JUST2: Arnaud in Japan

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Sensei and his two monkeys

Tonight was the first class of this trip. Selfishly I was hoping for a very small group and we were already around 30, it seems that fear is going away.

It was nice to meet my buyu and the Japanese Shihan again, but most important it was nice to see sensei and to train with him. He was in a great mood and I often question if he is really 81 years old as he moves like a young man.

What did we do tonight?

After I demonstrated a kind of musha + omote, sensei used it to apply many different omote, ura, musha and musô to his poor uke ending always by pressuring one or more fingers at the nail level. “this is the way yo control in the Takagi Yôshin ryû”.
The general idea is not to do a technique but mainly to react freely to the flow of the opponent until he gives you one or more fingers that you use to pin him down with a lot of pain.

Then Pedro did a very interesting mix of half-cooked movements trapping uke in his mind in such a way that exploding to the floor seemed to be the only logical solution. Uke attacks with a right Tsuki, you deflect it softly with your right hand by walking to the right (inside – ura); uke reacts to that and you begin an omote gyaku that transforms itself into an ura gyaku when goes to the ground in pain (quite similar to the omote-ura gayku of the gyokko ryû).  Very nice piece of Taijutsu by Pedro that many in the dôjô had a hard time too understand and to do.

From there sensei used the start of this half-cooked technique to develop once again on the “chutô hanpa”. He did like a dozen variations on this on one tsuki double tsuki, with two uke, etc.

Finally he did it with the sword in Uke’s belt (daisho sabaki technique) explaining a few times that the Tsuka, or the saya is going itself into the hand. “Don’t try yo grab it, it comes naturally into your hand”. Sensei stressed the importance in all the techniques to use the “karada” body instead of using the hand and the head. We can summarize that with the sentence: “don’t think or grab, don’t use power, walk”.

Calligraphy session: you can see the number of attendees tonight

At the end of the class we did a biken technique similar to the kukishinden ryû Tsuki komi np sayu gyaku. Uke attacks daijodan and tori move lightly and slowly to position the kissaki on the left wrist of uke. If uke tries to cut dô kiri, then tori’s sword rotates around the point of contact and deflect the blade naturally, tori lift his sword and hit (not cut) the right wrist with the power of the legs bending. Sensei insisted a lot on not cutting uke: “it is simple to cut, it is much more difficult to control uke without cutting him”. The secret is to move slowly with the body; Sensei added that what is common sense to sport budô (gendai budô and MMA styles) is uncommon sense to us. Fighting is not about power and speed it is about softness and slowliness.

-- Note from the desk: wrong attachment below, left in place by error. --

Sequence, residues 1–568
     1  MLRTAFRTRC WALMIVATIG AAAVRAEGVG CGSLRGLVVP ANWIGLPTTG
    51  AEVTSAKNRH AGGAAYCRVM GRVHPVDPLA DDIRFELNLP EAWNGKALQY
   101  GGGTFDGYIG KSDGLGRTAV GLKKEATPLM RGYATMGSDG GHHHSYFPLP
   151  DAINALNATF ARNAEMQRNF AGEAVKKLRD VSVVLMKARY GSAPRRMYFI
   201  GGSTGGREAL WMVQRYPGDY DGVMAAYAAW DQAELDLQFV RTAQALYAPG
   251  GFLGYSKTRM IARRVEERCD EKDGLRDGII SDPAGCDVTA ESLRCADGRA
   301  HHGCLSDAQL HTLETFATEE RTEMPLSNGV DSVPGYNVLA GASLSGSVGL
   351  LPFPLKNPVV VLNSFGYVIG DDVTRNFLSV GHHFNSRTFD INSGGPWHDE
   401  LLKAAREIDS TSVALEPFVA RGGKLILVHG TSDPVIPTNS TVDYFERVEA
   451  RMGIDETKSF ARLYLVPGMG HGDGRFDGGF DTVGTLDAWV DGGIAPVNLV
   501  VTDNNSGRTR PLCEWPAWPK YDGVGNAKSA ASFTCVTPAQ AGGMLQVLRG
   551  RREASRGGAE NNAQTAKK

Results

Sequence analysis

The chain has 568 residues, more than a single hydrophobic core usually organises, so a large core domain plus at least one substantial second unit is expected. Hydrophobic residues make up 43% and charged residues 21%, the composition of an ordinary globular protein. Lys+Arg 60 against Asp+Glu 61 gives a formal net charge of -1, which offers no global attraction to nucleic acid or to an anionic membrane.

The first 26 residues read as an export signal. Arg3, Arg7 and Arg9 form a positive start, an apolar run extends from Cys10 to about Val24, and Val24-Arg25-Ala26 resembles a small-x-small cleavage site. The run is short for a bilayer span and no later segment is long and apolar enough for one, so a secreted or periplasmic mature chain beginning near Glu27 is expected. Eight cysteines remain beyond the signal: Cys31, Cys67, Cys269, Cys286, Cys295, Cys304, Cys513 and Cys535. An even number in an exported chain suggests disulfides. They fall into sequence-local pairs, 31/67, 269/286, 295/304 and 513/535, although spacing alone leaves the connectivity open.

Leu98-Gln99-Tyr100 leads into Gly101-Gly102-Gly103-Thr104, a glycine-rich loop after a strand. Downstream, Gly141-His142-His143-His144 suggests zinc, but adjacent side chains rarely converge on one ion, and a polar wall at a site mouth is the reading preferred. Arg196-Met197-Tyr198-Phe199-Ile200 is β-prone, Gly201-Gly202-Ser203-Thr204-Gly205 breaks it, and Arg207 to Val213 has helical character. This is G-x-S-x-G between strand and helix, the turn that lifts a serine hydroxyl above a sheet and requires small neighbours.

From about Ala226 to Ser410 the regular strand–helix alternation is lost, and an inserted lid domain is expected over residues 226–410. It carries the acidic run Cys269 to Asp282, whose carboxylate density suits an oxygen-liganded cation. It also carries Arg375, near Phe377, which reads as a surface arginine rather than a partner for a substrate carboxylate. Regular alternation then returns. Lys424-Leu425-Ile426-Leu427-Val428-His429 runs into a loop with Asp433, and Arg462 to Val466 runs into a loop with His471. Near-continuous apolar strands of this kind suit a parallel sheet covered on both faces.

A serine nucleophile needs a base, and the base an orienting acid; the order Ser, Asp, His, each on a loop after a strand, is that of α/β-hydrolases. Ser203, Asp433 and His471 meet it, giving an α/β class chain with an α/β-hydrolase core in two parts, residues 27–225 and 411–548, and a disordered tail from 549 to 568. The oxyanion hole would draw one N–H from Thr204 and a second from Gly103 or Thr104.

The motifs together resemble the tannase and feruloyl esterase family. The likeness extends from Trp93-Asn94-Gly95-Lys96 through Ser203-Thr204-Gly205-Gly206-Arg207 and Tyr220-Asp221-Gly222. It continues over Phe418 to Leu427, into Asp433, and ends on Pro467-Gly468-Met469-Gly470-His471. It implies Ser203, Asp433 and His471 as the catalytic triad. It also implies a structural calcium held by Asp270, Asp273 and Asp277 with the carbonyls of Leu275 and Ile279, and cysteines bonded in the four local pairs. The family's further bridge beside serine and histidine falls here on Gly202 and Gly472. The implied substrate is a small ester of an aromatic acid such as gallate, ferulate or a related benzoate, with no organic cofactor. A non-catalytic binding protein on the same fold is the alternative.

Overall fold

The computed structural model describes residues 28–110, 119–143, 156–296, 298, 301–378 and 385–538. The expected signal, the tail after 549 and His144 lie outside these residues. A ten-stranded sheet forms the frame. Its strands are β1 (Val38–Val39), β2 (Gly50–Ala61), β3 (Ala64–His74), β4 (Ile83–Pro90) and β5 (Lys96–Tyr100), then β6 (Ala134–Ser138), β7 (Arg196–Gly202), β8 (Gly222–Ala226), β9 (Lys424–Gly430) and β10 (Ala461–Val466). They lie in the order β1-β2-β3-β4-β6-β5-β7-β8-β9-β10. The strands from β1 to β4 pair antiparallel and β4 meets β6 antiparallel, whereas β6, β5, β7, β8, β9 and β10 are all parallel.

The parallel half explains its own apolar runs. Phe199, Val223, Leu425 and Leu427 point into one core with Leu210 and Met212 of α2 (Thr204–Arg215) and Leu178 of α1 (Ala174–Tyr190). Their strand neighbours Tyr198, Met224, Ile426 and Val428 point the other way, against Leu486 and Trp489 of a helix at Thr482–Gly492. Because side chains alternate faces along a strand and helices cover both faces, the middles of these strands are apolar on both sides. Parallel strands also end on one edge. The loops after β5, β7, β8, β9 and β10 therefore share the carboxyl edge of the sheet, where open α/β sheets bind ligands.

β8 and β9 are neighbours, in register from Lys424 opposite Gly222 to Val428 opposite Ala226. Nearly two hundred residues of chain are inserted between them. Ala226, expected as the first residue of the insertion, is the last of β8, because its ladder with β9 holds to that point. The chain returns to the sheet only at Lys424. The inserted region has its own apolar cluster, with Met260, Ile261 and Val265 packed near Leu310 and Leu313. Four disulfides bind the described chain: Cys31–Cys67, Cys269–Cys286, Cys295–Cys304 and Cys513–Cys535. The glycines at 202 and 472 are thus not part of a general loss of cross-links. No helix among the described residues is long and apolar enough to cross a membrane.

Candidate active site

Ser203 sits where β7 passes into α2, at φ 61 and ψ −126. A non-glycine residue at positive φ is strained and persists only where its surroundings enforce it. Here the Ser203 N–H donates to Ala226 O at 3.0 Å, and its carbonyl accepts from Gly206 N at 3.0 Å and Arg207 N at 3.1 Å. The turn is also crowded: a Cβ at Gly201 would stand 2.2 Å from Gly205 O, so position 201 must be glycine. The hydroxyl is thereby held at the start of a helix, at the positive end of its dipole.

We did many variations around this theme absorbing backwards while moving forward, giving uke a wrong sense of distance as explained by Nakadai sensei.
The class went fast like in a dream and it was already time for the sakki test. The bujinkan is richer by 2 shidôshi: Pedro did the sakki test on an Australian guy and I did it on a Swedish one. Speaking of which, Christian Appelt who tested heavy pain tonight under sensei was promoted to Jugodan, congratulations!

After the class sensei spoke to a group of jugodan and insisted once again upon the importance of jugodan working together and keeping the connection between us all. It reminded me of the “en no kirinai” studied last year.

He also spoke about the new book he is working on, called “ninja daizen” (I’m not sure about the title) that will expose many new things about ninjutsu (sensei spoke of ninja in Kyushu during the Edo period). He added that ninjutsu was not limited to the sole Iga and Koga clans… I guess we will have to wait for the book to be published to know more about that.

Conclusion:

  • If you should have been here tonight and didn’t come: too bad for you!
  • The bujinkan is still alive and the many people coming from all over the world were there to prove it.
  • Sensei and all the shihan are in good health and life is back to normal (too bad you didn’t come).
  • Today: no earthquake, no tsunami, no radioactive cloud, but a very good class (too bad you were not there).
  • Tomorrow two classes: Senô sensei and Oguri sensei (yes he is back on Saturdays). I keep you updated.

PS: Many airlines have empty seats on their flights to Japan these days. The Kashiwa Plaza is quite empty too… it is still time to join us and train.. 🙂

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